Music review: Cat Power provides smoky vocals at the Roundhouse, London


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The Independent Culture

Stop mumbling, former RSC star Imogen Stubbs has advised aspiring actors, though the same counsel could apply to the singer heading to the rear of the stage to light a not-so-crafty cigarette. For while capable of reaching earthily soulful heights, the voice of Chan Marshall, aka Cat Power, disappears between numbers.

Finding such a complaint worthy of note indicates the artist's improved well-being. Beset by substance abuse and mental issues, she has long been known as an erratic performer, cutting short sets or rambling. Yet last year's album Sun was her most poppy, upbeat work to date, helping it scale the heights of the US Top 10. Unfortunately, Power had to postpone her 2012 European dates due to a stress-related illness, though now exudes tanned health under a shock of bleached blonde hair. 

Confidently taking charge of the wide expanse unoccupied by her diffident band – the bassist doubles up on percussion at the back and a guitarist lurks at one side – Power appears ready to display Sun's new-found positivity. Yet a distracted, fidgety air distracts attention and her voice lacks the power comparisons with Nina Simone suggested - somewhere between PJ Harvey and recent Sinead O'Connor being more accurate. Drums and percussion in unison easily outmatch her husky vocal on "Manhattan", though she and the band give a sinuous Bad Seeds feel to "Metal Heart".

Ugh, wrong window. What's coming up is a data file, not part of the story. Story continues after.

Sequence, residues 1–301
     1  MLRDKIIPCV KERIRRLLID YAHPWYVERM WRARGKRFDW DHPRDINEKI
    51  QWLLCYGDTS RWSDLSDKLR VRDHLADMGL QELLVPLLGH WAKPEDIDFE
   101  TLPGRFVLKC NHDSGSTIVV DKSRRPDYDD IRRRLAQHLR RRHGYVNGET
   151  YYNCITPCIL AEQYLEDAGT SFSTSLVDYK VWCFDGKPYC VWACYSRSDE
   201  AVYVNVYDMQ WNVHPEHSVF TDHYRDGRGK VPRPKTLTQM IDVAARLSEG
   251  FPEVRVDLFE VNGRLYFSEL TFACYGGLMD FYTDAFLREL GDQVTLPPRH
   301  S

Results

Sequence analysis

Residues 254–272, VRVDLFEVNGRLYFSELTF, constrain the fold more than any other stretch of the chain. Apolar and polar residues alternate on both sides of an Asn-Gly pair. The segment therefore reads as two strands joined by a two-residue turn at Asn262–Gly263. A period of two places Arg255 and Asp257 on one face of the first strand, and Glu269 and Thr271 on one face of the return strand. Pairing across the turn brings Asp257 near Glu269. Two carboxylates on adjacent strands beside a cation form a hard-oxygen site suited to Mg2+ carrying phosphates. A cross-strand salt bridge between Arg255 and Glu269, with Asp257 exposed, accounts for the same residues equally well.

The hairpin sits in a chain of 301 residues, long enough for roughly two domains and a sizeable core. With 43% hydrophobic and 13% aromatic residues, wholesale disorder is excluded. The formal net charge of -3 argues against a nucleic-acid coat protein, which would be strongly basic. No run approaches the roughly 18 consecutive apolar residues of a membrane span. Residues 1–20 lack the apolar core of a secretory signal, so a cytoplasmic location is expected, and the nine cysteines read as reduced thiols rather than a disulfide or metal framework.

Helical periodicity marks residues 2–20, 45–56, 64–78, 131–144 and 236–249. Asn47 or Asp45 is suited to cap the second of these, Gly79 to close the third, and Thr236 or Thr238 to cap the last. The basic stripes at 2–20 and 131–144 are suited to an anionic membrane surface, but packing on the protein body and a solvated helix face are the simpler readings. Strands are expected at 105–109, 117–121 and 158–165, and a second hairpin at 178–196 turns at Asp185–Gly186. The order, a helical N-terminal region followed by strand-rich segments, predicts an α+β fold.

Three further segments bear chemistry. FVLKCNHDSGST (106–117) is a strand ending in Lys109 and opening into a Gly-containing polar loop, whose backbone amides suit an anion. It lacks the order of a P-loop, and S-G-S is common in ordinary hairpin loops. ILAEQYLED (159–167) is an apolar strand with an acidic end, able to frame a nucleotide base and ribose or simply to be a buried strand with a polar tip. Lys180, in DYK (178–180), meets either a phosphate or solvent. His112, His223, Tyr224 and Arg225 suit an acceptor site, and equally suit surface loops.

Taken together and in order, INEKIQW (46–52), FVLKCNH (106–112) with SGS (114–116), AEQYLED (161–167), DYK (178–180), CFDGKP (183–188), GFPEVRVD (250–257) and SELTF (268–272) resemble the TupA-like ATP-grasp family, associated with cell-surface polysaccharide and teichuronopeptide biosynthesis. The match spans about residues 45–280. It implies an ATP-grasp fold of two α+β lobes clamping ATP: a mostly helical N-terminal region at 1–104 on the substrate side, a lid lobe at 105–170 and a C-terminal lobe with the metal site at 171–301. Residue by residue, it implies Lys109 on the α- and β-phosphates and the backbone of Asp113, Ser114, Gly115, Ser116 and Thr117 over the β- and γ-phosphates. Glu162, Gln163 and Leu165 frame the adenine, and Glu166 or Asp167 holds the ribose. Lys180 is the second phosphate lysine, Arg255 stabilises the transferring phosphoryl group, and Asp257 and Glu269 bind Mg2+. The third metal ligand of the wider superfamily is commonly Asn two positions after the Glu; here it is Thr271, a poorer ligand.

Seemingly dragged from a Williamsburg gutter, Power's backing group struggle with old and recent tunes. They are sketchy on "Human Being", one of Sun's more austere electropop moments, and play "Always On My Own" like an insipid Joy Division. Recreating the warm Memphis soul of The Greatest's title track, its 2006 predecessor in terms of original material, the four-piece sound rough and ungainly. Power, too, fails to convince with her takes on contemporary R'n'B, lacking the necessary snap on "3,6,9" and "Peace And Love".

Tackling more classic styles, and once the sound desk has her measure, she provides some memorable moments. Best is the simple beauty of the track missed from the original release of Sun, "Bully", an aching ode to a lost friend “standing on the street in a hospital sheet”. Almost as compelling is the glowing optimism of Power's life-affirming anthem "Nothing But Time". At the end she is tossing flowers into the audience, then ripping up set lists as extra souvenirs - an eccentric show of gratitude after such an uneven night.